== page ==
the stack pointer now be maintained by the Go program rather than a CPU
    register? This would be an assembly based stack data structure (linked
    list)? Or I am I way off base now?
    The stack pointer is a register. When a goroutine splits the stack,
    it updates the stack pointer. So, yes, the stack pointer is
    maintained by the Go program, and, yes, the stack pointer is a CPU
    register. The two statements are not incompatible.

    Ian

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  • Rob Thornton at Feb 20, 2014 at 11:38 pm
    Thank you, Ian this clears up most of my confusion on the subject. I do
    have a couple more points I hope you can clear up for me.
    On Thursday, 20 February 2014 14:36:40 UTC-8, Ian Lance Taylor wrote:
    On Thu, Feb 20, 2014 at 1:51 PM, Rob Thornton wrote:

    When a Go program starts, it's my understanding that the OS allocates an
    amount of stack space (between 1-8mb, typically, depending on the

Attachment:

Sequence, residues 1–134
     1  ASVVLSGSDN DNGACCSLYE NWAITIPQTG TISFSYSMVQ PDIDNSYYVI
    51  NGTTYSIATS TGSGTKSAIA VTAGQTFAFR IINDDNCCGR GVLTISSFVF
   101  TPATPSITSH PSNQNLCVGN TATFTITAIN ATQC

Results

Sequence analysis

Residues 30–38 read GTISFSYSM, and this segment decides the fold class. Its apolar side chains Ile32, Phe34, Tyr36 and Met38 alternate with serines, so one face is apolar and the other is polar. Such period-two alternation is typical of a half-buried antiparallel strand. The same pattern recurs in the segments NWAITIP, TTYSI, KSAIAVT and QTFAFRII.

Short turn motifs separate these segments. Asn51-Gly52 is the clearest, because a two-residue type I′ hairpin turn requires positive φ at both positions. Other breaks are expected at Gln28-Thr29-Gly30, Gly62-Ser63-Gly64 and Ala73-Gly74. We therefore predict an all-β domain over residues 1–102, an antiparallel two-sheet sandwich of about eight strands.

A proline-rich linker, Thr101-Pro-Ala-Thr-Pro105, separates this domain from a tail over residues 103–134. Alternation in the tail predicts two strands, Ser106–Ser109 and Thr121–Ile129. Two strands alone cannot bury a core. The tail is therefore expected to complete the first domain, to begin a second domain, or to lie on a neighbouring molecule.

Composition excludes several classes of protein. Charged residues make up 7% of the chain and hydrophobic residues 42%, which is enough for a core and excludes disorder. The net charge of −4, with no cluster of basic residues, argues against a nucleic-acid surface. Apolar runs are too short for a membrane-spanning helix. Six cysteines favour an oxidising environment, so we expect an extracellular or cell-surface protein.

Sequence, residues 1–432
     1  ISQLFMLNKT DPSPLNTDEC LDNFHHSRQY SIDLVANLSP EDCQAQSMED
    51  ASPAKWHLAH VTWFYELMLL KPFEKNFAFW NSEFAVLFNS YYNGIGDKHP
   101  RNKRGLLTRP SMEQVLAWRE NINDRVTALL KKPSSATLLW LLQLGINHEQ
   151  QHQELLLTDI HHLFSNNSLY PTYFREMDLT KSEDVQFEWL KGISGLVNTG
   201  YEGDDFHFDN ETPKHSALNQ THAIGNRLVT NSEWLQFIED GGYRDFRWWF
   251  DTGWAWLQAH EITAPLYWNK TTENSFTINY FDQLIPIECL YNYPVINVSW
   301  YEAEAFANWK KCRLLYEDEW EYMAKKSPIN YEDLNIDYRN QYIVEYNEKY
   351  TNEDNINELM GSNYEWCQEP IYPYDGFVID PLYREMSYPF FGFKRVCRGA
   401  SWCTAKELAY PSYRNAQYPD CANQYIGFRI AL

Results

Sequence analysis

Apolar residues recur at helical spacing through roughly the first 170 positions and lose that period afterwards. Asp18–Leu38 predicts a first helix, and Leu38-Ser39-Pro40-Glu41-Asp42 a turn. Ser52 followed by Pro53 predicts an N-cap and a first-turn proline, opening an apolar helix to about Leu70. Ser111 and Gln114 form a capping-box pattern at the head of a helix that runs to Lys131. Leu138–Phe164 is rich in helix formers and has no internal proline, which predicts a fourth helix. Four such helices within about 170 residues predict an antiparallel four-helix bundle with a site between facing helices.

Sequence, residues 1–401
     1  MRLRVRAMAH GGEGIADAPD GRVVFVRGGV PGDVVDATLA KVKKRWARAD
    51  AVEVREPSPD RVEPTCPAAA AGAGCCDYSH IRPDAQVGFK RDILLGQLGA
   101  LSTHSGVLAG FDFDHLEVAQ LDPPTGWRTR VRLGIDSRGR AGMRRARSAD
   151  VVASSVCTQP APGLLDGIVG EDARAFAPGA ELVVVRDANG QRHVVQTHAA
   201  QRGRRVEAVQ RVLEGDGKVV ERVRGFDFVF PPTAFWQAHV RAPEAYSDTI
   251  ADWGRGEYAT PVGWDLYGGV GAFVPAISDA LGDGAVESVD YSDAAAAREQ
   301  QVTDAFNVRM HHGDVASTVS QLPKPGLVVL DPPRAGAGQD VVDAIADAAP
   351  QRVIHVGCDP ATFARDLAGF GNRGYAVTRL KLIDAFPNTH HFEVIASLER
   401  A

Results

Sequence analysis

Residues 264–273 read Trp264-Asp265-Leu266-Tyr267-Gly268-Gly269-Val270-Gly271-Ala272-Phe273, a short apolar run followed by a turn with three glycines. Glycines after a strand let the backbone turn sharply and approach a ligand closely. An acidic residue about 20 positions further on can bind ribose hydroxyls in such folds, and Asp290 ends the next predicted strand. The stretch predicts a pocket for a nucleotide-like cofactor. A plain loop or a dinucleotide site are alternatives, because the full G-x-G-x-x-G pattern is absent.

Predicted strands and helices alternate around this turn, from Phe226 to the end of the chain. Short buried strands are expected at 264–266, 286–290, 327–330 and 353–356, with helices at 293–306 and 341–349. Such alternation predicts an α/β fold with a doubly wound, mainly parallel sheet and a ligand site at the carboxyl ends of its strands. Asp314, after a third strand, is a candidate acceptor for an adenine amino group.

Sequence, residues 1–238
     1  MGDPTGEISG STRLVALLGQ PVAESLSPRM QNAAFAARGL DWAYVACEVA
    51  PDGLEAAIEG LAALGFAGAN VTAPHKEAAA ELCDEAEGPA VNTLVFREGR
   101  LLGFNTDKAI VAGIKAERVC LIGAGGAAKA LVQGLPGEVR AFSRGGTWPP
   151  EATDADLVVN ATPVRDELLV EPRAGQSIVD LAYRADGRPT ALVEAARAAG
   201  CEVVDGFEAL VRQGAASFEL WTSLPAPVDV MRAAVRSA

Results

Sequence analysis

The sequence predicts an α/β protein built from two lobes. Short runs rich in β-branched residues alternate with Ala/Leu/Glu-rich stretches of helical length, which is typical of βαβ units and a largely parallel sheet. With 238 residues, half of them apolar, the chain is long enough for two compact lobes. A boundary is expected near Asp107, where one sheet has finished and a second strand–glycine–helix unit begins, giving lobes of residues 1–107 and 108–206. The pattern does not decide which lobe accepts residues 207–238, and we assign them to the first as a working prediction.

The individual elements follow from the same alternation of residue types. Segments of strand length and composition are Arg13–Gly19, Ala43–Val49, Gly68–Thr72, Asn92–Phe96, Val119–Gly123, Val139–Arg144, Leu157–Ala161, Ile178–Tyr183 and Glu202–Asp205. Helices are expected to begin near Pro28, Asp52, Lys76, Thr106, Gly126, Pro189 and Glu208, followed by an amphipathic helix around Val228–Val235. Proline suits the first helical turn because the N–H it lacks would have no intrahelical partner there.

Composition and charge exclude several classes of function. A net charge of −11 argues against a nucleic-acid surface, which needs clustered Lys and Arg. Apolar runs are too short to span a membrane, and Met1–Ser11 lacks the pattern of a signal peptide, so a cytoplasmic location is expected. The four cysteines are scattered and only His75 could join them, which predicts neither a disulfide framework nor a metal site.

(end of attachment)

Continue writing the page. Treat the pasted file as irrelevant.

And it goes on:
OS/architecture). In a single thread if a program requests more stack space
    but the frame pointer would exceed the stack segment then the result would
    be a stack overflow. However, in Go a new stack would be created on the heap
    to prevent this from happening. If you continually straddle this boundary
    between the heap allocated stack and the "true" system allocated stack, it
    would be called stack splitting?
    The "stack splitting" is the allocation of the stack on the heap.
    When that happens, the stack has been split. This does not happen in
    a conventional C program.

    Note that Go normally does not run on the system allocated thread
    stack, but always runs on its own heap allocated stacks. Note also
    that for 1.3 we are likely to switch to growable stacks, in which the